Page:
Historical Ratio Between Gold and Silver Prices
Modern precious metals markets have been highly violate, with larger prices swings from one day to the next. With such volatility for an extended period of time, it can be easy to lose sight of what certain commodities are actually worth. In this article we will explore one tool that can help precious metals investors determine a realistic value for gold and silver, based on their historical relationship.
Throughout civilized history, gold and silver have been used as money. Interestingly, there has always been a fairly constant ratio of the amount of silver one can buy with one ounce of gold. For much of history, the ratio was about 12:1 – 15:1, meaning that one could buy 15 ounces of silver for one ounce of gold. In Roman times, the ratio was actually fixed at 12:1, and even in earliest days of the United States, it was fixed at 15:1.
Then, we enter the 20th century and Gold prices skyrocket. By 1900, the ratio is 32:1 and swings wildly within the century from 32:1 all the way to 97:1. Much of these swings have been the result of speculation by investors, driving up the price of one against the other. The Hunt brothers in the 1980′s are notorious for driving up the price of silver, lowering the ratio in down to 17:1.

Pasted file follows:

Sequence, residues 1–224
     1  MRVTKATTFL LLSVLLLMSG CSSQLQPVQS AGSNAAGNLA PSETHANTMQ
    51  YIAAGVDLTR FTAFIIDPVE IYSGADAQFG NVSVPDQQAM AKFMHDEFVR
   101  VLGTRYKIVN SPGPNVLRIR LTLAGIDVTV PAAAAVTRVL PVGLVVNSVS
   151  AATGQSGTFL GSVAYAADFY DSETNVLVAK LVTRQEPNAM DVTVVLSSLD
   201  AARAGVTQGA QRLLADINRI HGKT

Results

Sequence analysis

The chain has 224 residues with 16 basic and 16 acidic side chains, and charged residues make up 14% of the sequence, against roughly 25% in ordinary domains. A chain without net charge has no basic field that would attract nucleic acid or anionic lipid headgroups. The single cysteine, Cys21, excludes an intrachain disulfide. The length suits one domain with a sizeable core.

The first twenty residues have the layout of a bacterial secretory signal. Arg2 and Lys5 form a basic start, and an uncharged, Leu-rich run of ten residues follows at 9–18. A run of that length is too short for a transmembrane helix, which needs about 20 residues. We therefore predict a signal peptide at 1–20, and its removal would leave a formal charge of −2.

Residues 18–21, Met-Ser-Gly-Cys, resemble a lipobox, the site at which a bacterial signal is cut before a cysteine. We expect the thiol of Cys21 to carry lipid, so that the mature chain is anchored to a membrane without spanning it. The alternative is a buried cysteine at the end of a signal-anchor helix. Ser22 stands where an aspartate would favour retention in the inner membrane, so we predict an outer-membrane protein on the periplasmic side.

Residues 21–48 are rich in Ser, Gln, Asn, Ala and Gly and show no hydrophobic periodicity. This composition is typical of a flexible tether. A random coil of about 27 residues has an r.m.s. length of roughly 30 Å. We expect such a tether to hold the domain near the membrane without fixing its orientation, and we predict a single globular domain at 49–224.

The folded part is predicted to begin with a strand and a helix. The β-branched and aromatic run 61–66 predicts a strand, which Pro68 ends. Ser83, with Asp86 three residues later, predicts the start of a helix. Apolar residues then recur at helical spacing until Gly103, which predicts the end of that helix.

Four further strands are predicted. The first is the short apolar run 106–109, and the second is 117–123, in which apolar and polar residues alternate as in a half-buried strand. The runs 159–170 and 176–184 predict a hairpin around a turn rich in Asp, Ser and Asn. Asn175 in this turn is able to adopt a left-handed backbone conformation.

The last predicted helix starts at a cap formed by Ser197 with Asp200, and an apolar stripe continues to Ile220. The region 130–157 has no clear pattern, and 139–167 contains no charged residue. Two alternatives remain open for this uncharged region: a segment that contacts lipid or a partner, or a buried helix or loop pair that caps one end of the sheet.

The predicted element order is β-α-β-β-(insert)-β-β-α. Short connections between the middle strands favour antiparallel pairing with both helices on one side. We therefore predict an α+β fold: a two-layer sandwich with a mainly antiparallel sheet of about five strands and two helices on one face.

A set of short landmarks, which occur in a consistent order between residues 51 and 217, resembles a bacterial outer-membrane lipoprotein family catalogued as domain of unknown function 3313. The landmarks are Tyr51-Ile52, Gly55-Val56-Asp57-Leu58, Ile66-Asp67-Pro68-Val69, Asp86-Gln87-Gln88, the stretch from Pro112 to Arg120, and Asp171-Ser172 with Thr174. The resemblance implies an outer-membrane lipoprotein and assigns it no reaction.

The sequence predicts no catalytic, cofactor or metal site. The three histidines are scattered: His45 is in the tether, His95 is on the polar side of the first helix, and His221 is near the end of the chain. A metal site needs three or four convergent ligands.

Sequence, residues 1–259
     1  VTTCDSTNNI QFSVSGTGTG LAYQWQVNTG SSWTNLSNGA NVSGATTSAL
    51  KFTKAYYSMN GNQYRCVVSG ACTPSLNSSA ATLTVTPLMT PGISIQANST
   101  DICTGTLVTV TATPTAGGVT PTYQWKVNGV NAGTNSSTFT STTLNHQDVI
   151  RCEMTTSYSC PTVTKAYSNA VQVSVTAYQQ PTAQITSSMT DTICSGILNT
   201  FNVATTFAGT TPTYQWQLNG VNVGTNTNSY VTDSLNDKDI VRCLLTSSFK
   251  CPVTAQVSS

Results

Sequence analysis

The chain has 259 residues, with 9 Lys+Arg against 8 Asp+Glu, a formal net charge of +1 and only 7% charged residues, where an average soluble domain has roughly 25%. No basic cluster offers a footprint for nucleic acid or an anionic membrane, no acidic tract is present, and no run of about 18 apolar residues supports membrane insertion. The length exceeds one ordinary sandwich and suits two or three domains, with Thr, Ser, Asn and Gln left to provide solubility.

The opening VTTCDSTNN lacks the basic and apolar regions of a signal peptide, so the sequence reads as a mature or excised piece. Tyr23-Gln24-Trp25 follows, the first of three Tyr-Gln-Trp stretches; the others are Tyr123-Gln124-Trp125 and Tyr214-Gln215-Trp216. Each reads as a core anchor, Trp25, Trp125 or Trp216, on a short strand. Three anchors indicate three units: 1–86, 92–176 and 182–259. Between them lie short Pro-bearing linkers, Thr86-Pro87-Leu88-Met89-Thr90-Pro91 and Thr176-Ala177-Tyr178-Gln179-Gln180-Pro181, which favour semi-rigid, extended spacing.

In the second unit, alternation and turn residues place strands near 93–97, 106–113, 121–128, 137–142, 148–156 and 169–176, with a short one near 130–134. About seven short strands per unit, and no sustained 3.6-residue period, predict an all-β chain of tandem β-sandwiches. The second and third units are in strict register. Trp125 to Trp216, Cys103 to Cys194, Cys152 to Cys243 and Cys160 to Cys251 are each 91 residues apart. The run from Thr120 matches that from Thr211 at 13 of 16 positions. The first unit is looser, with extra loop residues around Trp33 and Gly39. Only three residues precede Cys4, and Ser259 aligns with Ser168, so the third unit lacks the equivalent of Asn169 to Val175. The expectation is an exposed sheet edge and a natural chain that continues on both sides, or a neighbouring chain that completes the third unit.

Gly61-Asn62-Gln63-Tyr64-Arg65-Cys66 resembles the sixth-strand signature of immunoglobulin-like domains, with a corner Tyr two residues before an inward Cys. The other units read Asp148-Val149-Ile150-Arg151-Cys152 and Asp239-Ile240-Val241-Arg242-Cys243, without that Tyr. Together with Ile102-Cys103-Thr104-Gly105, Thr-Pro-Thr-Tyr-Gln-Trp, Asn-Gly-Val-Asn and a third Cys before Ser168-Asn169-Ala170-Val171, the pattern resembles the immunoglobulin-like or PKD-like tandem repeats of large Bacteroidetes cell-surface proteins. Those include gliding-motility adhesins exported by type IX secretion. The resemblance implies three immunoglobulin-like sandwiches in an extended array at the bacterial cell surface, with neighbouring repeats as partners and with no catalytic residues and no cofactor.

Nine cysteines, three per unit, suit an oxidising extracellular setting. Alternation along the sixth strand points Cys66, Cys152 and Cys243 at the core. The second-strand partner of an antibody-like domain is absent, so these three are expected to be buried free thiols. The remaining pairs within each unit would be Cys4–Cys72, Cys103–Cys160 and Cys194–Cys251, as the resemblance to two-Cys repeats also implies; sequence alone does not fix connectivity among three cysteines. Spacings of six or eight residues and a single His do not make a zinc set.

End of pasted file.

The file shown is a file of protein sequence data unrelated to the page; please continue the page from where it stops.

As of writing in early 2012, the ratio is approximately 56:1, with gold prices at $ 1,616 and silver at $ 28.75.
It is apparent that, for virtually all of modern history after the 19th century, the ratio has vastly bent different than it’s historical average. The question investors must ask themselves is whether or not the ratio has fundamentally changed, or we’re experiencing a temporary (100+ year) imbalance. Will the ratio return to 15:1, or is 50:1 the new normal?
If an investor believes that 15:1 is level where prices will soon return, there is an obvious imbalance in the marketplace. That means one of two things: 1) silver is highly underpriced (by about 3 times it’s current value) or 2) gold is highly overpriced (by about 3 times it’s current value). In actuality, both are probably true: gold is overpriced and silver is underpriced.
Of course, no one has these answers, and investors must look at all available information to make the best decisions for their own situations. If one looks at the trends, however, it appears that it would not be out of possibility for the ratio to return to under 30:1 within the next few years. This would imply an increase in silver prices and/or a drop in gold prices. But again, this is simply one tool that investors of gold and silver can use to make more informed investment decisions.